Interleukin-15/interleukin-15R alpha complexes promote destruction of established tumors by reviving tumor-resident CD8+ T cells.
ABSTRACT Tumors often escape immune-mediated destruction by suppressing lymphocyte infiltration or effector function. New approaches are needed that overcome this suppression and thereby augment the tumoricidal capacity of tumor-reactive lymphocytes. The cytokine interleukin-15 (IL-15) promotes proliferation and effector capacity of CD8(+) T cells, natural killer (NK) cells, and NKT cells; however, it has a short half-life and high doses are needed to achieve functional responses in vivo. The biological activity of IL-15 can be dramatically increased by complexing this cytokine to its soluble receptor, IL-15R alpha. Here, we report that in vivo delivery of IL-15/IL-15R alpha complexes triggers rapid and significant regression of established solid tumors in two murine models. Despite a marked expansion of IL-2/IL-15R beta(+) cells in lymphoid organs and peripheral blood following treatment with IL-15/IL-15R alpha complexes, the destruction of solid tumors was orchestrated by tumor-resident rather than newly infiltrating CD8(+) T cells. Our data provide novel insights into the use of IL-15/IL-15R alpha complexes to relieve tumor-resident T cells from functional suppression by the tumor microenvironment and have significant implications for cancer immunotherapy and treatment of chronic infections.
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ABSTRACT: The adoptive transfer of tumor-specific T cells expanded in vitro can be of significant therapeutic value in select cancer patients. This strategy is limited though, as it is often difficult, if not impossible, to obtain T cells of clinical value. The transfer of TCR genes to mature T cells to generate tumor-reactive T cells provides a potential mechanism to overcome these limitations. To evaluate the feasibility of such an approach and the quality of the resulting T cells, we generated replication-deficient retroviral vectors using the well-characterized OT-1 TCR genes. After transducing murine T cells, we were able to expand large numbers of Ag-specific T cells that were functionally active against tumor cells expressing the relevant Ag. Furthermore, we found that T cells expressing retrovirally encoded TCR had avidity that was similar to that of the parental clone. This maintenance of avidity was despite variable expression of the retrovirally encoded TCR and the presence of potentially competing endogenous TCRs. These results suggest that the inherent qualities of the TCR, as dictated by the coding sequence, are the most critical parameters in the generation of high-avidity T cells.The Journal of Immunology 03/2003; 170(3):1209-17. · 5.52 Impact Factor
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ABSTRACT: We have used organ culture of fetal thymic lobes from T cell receptor (TCR) transgenic beta 2M(-/-) mice to study the role of peptides in positive selection. The TCR used was from a CD8+ T cell specific for ovalbumin 257-264 in the context of Kb. Several peptides with the ability to induce positive selection were identified. These peptide-selected thymocytes have the same phenotype as mature CD8+ T cells and can respond to antigen. Those peptides with the ability to induce positive selection were all variants of the antigenic peptide and were identified as TCR antagonist peptides for this receptor. One peptide tested, E1, induced positive selection on the beta 2M(-/-) background but negative selection on the beta 2M(+/-) background. These results show that the process of positive selection is exquisitely peptide specific and sensitive to extremely low ligand density and support the notion that low efficacy ligands mediate positive selection.Cell 02/1994; 76(1):17-27. · 31.96 Impact Factor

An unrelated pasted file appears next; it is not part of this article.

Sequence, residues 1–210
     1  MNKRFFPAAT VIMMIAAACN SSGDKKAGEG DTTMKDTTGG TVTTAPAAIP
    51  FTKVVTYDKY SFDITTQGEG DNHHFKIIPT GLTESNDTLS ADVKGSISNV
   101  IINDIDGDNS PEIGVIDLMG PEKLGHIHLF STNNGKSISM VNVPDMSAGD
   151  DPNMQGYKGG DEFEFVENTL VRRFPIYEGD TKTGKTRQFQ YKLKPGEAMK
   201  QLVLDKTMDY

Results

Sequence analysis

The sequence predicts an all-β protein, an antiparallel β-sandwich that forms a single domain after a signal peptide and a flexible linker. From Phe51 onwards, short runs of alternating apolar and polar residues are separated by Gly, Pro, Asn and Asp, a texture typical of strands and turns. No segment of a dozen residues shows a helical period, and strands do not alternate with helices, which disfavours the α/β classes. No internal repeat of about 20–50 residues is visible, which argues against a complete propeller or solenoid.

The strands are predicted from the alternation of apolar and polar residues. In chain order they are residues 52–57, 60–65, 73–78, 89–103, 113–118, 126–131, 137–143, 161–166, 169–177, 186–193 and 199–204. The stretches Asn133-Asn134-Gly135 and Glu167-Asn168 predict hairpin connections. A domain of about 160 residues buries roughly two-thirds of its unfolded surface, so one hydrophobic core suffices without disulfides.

Article: Homeostasis of memory T cells.[show abstract] [hide abstract]
ABSTRACT: The pool of memory T cells is regulated by homeostatic mechanisms to persist for prolonged periods at a relatively steady overall size. Recent work has shown that two members of the common gamma chain (gammac) family of cytokines, interleukin-7 (IL-7) and IL-15, govern homeostasis of memory T cells. These two cytokines work in conjunction to support memory T-cell survival and intermittent background proliferation. Normal animals contain significant numbers of spontaneously arising memory-phenotype (MP) cells, though whether these cells are representative of true antigen-specific memory T cells is unclear. Nevertheless, it appears that the two types of memory cells do not display identical homeostatic requirements. For antigen-specific memory CD8+ T cells, IL-7 is primarily important for survival while IL-15 is crucial for their background proliferation. For memory CD4+ T cells, IL-7 has an important role, whereas the influence of IL-15 is still unclear.Immunological Reviews 07/2006; 211:154-63. · 12.16 Impact Factor